Posts Tagged ‘Safety’

Make a safety gate for stairs without damaging the bannister

09 Aug

Stair gate overviewGates at the top of a flight of stairs are essential to save toddlers from a nasty fall, and they are fairly easy to install in most homes if there is a wall on each side of the stairs. However, the bottom of a flight of stairs (and sometimes the top, too) often has a bannister on one side. In my house, we installed a traditional gate at the top of the stairs for safety, but at the foot of the stairs, one side of the stairs has a handmade wooden bannister, and the other side has a wall of faux brick; holes in either side here would be tougher to repair than holes in wood paneling or drywall. If you don’t want to drill holes and damage your bannister and walls, you’ll need a more creative gate.

My gates consists of two layers of cloth stitched together with a layer of cotton batting in the middle. The right and left edges have large grommets that can be attached to a post or hook with cable ties, carabiners, or other fasteners. I wrapped black cloth around our newel post to protect it from scratches, and I attached one end of the gate to the post using black cable ties. The other side is the side that can be opened; it attaches to the wall with a carabiner through an eye hook and with two removable Command Cord Bundlers ( They use a removable adhesive, so they will not leave a hole behind when they are removed. I used cable ties to create loops to connect the grommets to the cord bundlers.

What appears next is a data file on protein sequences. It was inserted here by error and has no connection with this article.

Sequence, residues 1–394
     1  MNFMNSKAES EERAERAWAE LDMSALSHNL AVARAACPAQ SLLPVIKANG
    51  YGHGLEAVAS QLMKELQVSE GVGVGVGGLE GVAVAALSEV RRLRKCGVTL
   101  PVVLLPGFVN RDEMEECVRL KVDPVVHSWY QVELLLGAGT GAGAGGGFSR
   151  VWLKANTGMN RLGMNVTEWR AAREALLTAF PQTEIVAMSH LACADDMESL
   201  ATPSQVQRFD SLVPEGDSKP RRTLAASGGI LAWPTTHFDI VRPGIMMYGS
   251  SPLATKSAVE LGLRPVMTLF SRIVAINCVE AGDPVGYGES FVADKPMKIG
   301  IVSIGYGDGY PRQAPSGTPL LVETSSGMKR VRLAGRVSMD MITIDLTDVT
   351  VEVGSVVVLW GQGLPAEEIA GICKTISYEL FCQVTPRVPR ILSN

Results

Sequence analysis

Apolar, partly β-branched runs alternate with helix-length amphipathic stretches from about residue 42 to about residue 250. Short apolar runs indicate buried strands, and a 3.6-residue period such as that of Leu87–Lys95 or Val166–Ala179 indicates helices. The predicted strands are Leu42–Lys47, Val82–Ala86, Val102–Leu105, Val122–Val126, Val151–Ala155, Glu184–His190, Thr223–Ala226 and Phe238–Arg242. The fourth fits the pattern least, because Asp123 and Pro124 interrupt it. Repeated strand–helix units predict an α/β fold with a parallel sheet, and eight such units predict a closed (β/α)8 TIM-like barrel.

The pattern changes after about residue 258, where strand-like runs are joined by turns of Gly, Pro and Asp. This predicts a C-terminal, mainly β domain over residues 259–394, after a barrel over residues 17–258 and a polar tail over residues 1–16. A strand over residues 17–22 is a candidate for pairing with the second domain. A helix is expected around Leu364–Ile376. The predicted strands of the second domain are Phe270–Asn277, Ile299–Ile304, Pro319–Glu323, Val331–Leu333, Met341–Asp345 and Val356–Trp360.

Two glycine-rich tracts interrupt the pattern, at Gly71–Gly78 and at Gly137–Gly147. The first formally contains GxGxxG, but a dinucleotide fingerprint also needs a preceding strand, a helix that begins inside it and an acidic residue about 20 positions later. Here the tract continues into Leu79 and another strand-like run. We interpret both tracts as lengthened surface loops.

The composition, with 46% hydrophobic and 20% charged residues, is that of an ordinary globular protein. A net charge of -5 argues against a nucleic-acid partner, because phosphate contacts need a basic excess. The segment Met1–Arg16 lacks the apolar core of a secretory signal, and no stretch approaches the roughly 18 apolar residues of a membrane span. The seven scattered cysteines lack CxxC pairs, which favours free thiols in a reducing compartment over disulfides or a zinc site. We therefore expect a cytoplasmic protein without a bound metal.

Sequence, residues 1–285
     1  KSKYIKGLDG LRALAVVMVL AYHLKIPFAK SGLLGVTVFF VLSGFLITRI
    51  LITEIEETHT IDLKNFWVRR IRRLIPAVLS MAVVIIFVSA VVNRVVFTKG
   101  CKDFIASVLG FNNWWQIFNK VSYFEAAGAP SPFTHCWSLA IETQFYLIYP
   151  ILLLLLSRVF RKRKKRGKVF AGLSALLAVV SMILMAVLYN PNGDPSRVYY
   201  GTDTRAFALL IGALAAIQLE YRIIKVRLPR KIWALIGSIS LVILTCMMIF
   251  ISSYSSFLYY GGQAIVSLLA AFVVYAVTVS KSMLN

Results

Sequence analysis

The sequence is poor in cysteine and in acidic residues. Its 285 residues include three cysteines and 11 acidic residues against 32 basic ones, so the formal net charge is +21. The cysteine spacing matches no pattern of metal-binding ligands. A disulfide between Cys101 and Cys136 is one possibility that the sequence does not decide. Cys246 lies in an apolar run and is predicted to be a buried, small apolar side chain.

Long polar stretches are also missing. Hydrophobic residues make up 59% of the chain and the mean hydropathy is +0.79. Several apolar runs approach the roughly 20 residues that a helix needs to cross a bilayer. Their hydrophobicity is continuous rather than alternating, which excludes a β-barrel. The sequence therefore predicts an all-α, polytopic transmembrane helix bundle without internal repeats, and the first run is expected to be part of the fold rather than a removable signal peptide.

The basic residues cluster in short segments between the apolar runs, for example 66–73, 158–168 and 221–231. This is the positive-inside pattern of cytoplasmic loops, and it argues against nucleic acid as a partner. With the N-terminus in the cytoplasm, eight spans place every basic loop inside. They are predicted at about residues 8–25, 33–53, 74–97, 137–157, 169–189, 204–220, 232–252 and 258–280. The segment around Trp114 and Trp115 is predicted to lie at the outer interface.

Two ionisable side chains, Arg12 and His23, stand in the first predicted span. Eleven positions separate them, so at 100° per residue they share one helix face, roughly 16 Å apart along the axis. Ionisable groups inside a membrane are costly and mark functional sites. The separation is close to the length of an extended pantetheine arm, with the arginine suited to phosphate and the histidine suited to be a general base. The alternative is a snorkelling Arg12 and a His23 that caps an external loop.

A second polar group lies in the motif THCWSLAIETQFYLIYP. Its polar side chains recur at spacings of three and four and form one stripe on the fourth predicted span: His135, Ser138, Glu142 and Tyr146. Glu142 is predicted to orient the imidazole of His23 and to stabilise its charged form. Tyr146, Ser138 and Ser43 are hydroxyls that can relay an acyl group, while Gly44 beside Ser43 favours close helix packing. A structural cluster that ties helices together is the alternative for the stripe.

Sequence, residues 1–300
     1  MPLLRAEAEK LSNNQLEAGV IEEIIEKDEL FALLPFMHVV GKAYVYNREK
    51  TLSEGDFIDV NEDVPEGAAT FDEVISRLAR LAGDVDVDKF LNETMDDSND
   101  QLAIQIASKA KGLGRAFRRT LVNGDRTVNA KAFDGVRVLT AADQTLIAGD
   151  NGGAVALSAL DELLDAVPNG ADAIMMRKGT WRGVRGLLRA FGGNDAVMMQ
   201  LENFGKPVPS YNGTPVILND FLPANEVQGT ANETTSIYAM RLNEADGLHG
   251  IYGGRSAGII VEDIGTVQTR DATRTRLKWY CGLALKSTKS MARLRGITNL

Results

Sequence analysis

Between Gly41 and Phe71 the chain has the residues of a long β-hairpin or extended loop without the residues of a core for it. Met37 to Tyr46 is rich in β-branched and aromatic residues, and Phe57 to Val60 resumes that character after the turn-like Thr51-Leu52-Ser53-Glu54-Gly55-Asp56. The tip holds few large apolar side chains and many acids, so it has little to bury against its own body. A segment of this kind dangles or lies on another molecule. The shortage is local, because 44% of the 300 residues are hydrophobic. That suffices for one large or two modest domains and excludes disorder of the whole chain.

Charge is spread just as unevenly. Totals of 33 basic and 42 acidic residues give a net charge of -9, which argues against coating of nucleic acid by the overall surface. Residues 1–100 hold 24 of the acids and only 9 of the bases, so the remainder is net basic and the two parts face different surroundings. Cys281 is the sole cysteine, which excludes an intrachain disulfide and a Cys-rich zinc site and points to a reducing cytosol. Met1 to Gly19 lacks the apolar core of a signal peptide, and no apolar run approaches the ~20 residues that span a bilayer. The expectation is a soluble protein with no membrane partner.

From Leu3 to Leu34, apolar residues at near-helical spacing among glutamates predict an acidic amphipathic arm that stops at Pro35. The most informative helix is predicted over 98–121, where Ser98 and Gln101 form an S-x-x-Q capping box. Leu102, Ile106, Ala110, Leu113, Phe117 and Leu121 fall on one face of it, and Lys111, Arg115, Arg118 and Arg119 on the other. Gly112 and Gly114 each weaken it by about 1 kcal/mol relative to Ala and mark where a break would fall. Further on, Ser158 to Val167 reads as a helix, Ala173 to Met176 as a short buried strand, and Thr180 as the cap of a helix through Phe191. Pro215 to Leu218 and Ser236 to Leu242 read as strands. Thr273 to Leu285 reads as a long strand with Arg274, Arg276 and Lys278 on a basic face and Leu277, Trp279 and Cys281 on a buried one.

Stair gate on newel postStair gate carabiner attachment

Please note that this gate is not a foolproof safety solution; it is a deterrent to keep children from entering the stairs unnoticed. Kids can learn to open the gate, and they can also peel the cord bundlers off the wall if they push the gate hard enough. My daughter did both of these things eventually…but by that point, she was confident on the stairs and didn’t need as much protection. The gate still functioned as a deterrent; it slowed her down enough that she couldn’t run upstairs without someone noticing.

Taking down the gate for good is easy: cut the cable ties from the newel post, peel the cord bundlers off the wall, unscrew the eye hook from the baseboard, and patch the single hole in the baseboard. This homemade gate leaves only one hole, which should be a lot easier and less conspicuous to repair than trying to patch multiple holes in the newel post and faux brick.

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